We’ve all been amazed at the interactivity of print.
The New Yorker Cartoon Caption Contest. Need I say more?
Well, yes, I do. Or, more interestingly, I can.
Take This Old House, a magazine derivative from the PBS show of the same name (with a nice 2.0 site, by the way). Its latest issue has been rechristened Your Old House, and consists of cover art voted to the cover by readers, tips from readers, and the like. As Sam Husni observes, editors become curators, not creators, in this role.
Consider the success of user-generated content providing the entire contents of JPG and Everywhere magazines, which I blogged about recently.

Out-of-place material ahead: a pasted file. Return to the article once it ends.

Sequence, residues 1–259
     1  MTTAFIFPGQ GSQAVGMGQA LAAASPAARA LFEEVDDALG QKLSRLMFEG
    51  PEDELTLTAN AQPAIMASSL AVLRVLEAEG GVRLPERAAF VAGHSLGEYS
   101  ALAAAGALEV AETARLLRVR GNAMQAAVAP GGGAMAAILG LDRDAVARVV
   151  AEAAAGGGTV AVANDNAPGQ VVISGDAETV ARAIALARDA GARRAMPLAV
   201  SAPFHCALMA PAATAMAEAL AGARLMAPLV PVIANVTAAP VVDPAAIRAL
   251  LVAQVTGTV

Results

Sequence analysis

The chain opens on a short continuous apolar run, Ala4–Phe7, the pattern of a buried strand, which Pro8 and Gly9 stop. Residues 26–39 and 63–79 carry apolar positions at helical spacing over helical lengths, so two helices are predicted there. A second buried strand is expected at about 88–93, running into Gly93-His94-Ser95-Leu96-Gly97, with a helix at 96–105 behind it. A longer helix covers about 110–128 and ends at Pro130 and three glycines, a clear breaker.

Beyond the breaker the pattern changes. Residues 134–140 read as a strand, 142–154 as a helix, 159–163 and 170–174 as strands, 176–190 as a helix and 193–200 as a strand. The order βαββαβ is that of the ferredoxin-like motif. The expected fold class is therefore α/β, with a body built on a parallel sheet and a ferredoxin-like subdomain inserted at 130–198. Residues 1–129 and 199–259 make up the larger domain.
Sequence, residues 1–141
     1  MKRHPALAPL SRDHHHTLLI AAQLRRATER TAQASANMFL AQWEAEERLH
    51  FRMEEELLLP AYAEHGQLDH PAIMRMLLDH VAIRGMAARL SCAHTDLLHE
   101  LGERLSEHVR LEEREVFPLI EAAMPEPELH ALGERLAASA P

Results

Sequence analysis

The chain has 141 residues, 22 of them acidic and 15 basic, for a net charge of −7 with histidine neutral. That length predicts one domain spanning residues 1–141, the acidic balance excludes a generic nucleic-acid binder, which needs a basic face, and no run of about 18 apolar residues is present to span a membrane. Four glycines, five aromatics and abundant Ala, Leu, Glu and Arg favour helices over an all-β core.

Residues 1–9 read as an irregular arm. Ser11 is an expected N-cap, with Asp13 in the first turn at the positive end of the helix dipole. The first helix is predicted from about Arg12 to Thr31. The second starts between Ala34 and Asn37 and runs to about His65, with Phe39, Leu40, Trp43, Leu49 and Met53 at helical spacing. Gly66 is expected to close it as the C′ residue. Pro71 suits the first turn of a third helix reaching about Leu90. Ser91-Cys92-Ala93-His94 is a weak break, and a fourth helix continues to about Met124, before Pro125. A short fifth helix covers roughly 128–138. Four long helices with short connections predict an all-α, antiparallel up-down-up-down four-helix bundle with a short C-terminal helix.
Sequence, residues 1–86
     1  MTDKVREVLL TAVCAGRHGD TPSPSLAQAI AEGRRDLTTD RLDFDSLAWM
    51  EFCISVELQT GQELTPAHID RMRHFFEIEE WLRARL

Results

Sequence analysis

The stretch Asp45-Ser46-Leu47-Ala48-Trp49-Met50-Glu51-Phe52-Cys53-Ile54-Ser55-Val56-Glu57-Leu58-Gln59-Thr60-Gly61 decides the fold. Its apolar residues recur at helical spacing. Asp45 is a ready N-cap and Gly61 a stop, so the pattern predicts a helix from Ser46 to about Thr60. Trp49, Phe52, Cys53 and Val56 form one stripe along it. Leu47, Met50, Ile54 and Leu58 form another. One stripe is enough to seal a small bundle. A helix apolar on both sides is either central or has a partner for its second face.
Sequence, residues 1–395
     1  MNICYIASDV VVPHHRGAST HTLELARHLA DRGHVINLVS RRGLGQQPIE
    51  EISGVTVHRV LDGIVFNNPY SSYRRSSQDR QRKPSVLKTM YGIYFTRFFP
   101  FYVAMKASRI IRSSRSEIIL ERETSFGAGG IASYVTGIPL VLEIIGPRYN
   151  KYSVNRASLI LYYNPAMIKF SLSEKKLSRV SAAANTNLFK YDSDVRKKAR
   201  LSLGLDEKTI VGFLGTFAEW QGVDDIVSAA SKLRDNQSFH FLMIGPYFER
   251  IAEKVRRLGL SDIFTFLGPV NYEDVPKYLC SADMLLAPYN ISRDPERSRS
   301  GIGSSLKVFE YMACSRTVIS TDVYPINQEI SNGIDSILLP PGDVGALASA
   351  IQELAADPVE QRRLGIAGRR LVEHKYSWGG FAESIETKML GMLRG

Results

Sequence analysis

Now, consider STM publishing. Haven’t the editors in STM always been curators? User-generated content is the traditional type for journals. Selection, prioritization, and refinement of the best is an editor’s role.
But new opportunities arise with print and interactivity (hence the pained neologism “printeractivity” I attempted in the headline), from online quizzes that print the results to contests like the New Yorker’s, the Internet has made it so that submission of multimedia and traditional text is swift and reliable. And it can be repurposed to support print publishing.
Print interactivity has been with us since the first letter to the editor was printed. Now, it’s faster and more robust. Paper is viable option still, but given the digital reference point that has us looking back upon it, paper looks different. It has changed. It is an option, another tool, not the goal.
Interactivity on the printed page has long been a part of publishing, and given our new vantage point, we should figure out how to use it anew.